24 May Ancient wisdom can teach us much about happiness – including these 7 rituals
via Eric Barker
You and I are not the first people to wonder, “How can I live a happier, more fulfilling life?” Not by a long shot.
Stoicism and Buddhism are both a few thousand years old and I write about them a fair amount because both have core elements that have been validated by modern science.
And something I find even more interesting is that they also have a lot in common with each other. Originating on different continents, they’re like the “brother from another mother” or “sister from another mister” of psychology.
When I see systems that have persisted for millenia, are backed by research, and have a lot in common, well, me gets reaaaaal curious about insights that should probably not be ignored. Let’s call’em “Stoboo”, shall we?
Alrighty, let us begin our journey down The Noble Stoboo Path…
Life Isn’t The Problem. Your Interpretations Are.
Your flight is late and you have to sit around the airport, bored. And that makes you angry. Or…
Your flight is late and you get to sit down and rest for a minute instead of shuffling onto a crowded plane. And that makes you happy.
Guess what? Flight being late isn’t the issue. What made you angry or happy was your interpretation of what that neutral event means.
Both Stoicism and Buddhism feel that the world is what it is. We get all riled up because of how we interpret those events. And, if we choose, we can change those interpretations and change our feelings.
From The Daily Stoic:
“He was sent to prison. But the observation ‘he has suffered evil,’ is an addition coming from you.” — Epictetus, Discourses, 3.8.5b– 6a
And Buddha said:
We are what we think. All that we are arises with our thoughts. With our thoughts we make the world.
Science backs them to the hilt. This concept is the crux of Cognitive Behavioral Therapy (which originated with Stoicism) and mindfulness (which originated in Buddhism.) And they’re two of the most validated and utilized therapeutic techniques out there.
So how do we put this idea to use? Next time you get angry or frustrated, don’t focus on your circumstances. Ask yourself what belief about the circumstances you are clinging to. And think about how that might be incorrect or not useful.
How many times has a bad thing turned out to be a good thing once you had more information or saw the eventual result? Exactly.
(To learn more about the science of a successful life, check out my bestselling book here.)
Problem is, you make these interpretations really fast. So they can be hard to correct. Don’t worry. The Stoboo boys thought about that a long time ago…
Kids instantly shriek with joy when something “good” happens and two seconds later they’re shrieking with grief when something “bad” happens. And they can go back and forth all day long. (When adults do this they probably need medication and you should definitely stop dating them.)
What do the people we hold up as icons do? Well, James Bond doesn’t hop up and down when he beats Blofeld and he doesn’t cry for his mom when henchmen shoot at him. He’s not emotionless — he’s in control of his emotions. Plain and simple: he’s less reactive to his external circumstances. The events around him do not dictate his behavior. He decides how he will respond.
When you’re reactive, you give up free will. Environment says this; you behave like that. You’re impulsive and impulsive rarely has a positive connotation; it’s pretty much synonymous with bad decisions.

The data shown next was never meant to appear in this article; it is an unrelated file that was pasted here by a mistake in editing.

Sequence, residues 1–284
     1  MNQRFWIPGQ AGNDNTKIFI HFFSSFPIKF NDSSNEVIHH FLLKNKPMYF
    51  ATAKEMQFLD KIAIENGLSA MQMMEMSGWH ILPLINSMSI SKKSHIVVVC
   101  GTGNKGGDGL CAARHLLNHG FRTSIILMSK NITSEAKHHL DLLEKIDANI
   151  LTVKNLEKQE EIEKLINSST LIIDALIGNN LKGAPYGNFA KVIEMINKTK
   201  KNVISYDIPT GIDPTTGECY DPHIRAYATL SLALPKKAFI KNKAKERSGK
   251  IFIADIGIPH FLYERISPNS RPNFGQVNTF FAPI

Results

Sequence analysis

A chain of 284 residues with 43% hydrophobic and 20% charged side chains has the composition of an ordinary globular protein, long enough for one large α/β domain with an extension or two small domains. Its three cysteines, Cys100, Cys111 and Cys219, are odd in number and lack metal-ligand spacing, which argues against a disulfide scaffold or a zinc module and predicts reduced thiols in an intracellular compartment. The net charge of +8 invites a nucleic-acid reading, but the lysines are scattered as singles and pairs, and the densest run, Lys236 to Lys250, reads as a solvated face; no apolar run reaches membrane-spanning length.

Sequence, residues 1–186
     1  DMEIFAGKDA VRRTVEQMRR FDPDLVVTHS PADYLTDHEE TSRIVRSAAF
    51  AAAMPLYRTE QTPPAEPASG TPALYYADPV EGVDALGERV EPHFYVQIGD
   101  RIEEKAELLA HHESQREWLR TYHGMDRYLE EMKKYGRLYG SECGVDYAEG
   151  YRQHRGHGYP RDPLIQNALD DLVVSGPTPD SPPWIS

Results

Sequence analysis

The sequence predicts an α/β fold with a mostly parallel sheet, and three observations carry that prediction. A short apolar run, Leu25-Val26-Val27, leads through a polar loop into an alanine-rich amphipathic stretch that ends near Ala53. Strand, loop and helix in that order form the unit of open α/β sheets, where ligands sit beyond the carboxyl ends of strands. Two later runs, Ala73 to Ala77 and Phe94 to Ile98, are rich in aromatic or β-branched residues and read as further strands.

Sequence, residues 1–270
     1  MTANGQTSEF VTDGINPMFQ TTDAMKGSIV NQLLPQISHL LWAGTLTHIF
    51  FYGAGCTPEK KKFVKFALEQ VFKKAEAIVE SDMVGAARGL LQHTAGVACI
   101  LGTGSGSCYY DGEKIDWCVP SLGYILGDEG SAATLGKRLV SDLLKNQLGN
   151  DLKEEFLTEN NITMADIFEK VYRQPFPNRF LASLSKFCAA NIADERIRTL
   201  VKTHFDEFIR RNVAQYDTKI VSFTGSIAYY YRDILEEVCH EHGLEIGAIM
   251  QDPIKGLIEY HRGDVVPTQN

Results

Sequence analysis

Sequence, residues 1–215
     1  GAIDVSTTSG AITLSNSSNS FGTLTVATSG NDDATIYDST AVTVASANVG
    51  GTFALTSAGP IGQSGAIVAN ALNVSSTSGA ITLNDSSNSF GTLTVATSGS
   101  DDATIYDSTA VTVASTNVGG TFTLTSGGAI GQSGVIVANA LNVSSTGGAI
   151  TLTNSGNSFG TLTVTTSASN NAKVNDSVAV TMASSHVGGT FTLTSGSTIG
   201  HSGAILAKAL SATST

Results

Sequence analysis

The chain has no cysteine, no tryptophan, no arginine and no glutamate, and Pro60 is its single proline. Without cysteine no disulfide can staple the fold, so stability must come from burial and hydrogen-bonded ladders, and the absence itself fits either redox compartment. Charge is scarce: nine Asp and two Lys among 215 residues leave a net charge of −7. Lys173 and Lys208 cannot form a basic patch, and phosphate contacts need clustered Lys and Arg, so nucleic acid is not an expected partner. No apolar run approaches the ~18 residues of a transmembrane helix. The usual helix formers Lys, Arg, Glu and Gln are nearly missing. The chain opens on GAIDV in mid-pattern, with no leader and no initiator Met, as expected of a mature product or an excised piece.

Neither Stoicism or Buddhism are fans of impulsive emotional reactions (and your parole officer won’t be either if you give in to them).
So when something happens and triggers a strong emotional response, Stoboo says step back. Take a deep breath and let your thinky-brain decide if throwing your laptop against the wall is the best way to cope with slow internet speeds.
From The Daily Stoic:
“First off, don’t let the force of the impression carry you away. Say to it, ‘hold up a bit and let me see who you are and where you are from— let me put you to the test’ . . .” — Epictetus, Discourses, 2.18.24
As we’re about to act, or when thoughts or emotions are predominant, do we remember to investigate and reflect on our motivation? Do we ask ourselves, “Is this act or mind state skillful or unskillful? Is this something to cultivate or abandon? Where is this motivation leading? Do I want to go there?”
Science agrees. The term “cognitive fusion” is used to describe when we’re overwhelmed — possessed, even — by our feelings and can’t see the bigger picture. We make better decisions when we see thoughts and feelings as just that: thoughts and feelings. They are not “you” and you don’t have to act on them.
So what should we do? Well, Bruce Banner, when you feel those strong emotions well up, followed by a desire to do something extreme — pause. The stronger the emotions and the more urgent the desire to act, the more skeptical you should be and the more you want to hit the brakes.
At first, just give yourself a count of five. You want to extend your ability to feel the feelings without acting on them, fighting them or denying them. They will dissipate. It never seems like they will in the moment (and that’s why feelings are so powerful) but they will dissipate.
Ever been really angry but then something makes you laugh and the anger just seems to vanish? We don’t need something external to snap us out of negative emotional states. With practice, you can get better at doing it on your own.
(To learn the secret to never being frustrated again, click here.)
But sometimes so many problems pile on us that constantly stepping back isn’t an option. What perspective shift do we need to make for all the things in life outside of our control so that we don’t end up in a near-constant state of paralysis?
…keep reading the full & original article HERE